DaHjaj Hol 110828 – verbs as adjectives (part 2) #tlhIngan #tlh

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Hello, and welcome. You’re listening to DaHjaj Hol, your daily dose of Klingon language. I’m your host, Lawrence Schoen.

Today we’ll finish up the discussion we began last Sunday, specifically how to use stative verbs to modify nouns. You already know most of it, really. Basically, you place the desired verb after the noun and it works like an adjective would in English. You can even add most verb suffixes to color the verb with more precise shades of meaning, for example, while loDpu’ ghung would be hungry men, loDpu’ ghungqu’ would mean very hungry men, whereas loDpu’ ghungqu’ba’ would be obviously very hungry men and so on.

There’s one exception to the use of suffixes on stative verbs used this way, and it only kicks in if the noun the stative verb is being used on has a Type 5 noun suffix.

If there’s a Type 5 noun suffix in play, then the verb is limited to only the Rover suffix –qu’. No other verb suffixes can be applied to the verb when it is being used adjectivally on a noun with a Type 5 noun suffix.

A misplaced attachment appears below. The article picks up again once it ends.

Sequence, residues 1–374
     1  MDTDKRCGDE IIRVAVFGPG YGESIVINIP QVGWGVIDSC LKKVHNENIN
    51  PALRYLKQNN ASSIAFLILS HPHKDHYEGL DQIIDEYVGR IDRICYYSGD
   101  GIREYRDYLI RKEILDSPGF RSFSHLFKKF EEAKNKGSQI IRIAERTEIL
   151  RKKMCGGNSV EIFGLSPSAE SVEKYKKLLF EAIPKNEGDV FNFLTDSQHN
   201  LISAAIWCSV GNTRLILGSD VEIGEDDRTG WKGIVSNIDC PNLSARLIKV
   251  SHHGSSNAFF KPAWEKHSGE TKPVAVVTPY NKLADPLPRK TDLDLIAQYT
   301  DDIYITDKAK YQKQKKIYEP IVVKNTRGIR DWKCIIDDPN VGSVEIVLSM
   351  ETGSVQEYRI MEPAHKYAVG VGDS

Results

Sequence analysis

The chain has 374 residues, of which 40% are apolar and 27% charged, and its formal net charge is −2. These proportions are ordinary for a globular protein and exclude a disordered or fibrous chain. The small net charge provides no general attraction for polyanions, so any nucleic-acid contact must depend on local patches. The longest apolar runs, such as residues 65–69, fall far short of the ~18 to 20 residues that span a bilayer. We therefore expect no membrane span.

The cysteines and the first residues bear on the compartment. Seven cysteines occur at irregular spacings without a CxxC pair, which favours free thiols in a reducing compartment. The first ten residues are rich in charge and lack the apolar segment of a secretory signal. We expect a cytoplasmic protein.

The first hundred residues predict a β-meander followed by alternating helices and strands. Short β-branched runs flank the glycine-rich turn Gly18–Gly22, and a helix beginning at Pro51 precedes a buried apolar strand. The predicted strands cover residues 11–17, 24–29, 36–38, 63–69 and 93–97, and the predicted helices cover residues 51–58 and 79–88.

Further, in this situation, the Type 5 noun suffix does not attach to the noun, but rather to the verb! If the verb has no suffix, the Type 5 noun suffix immediately follows the verb. If the verb has a suffix (and in this case that suffix could only be –qu’), then the noun suffix follows the verb suffix.

Yes, this may be the most confusing rule in Klingon. Fortunately, we have some examples:

Duj bIrDaq
on the cold ship

nov qanqu’vo’
from the very old alien

megh ‘up’e’
as for the disgusting lunch

Now let’s see how those same noun phrases might function in sentences:

Duj bIrDaq SoSlI’ vIghom
I met your mother on the cold ship

nov qanqu’vo’ betleH Datlhap
you took the bat’leth from the very old alien

megh ‘up’e’ jISoplaHbe’ ‘ej jabwI’ HoH HoD
as for the disgusting lunch, I couldn’t eat, and the captain killed the waiter

Mastery of this rule will put you far ahead of most students of Klingon. Learn not only how to construct it, but always be ready for its occurrence. It can be easy to spot, once you know the particulars: you’re looking for a verb that has a Type 5 noun suffix on it. Once you’re comfortable with your suffixes, this will leap out at you. Congratulations, you’re opening new worlds of grammar. qo’mey poSmoH Hol.


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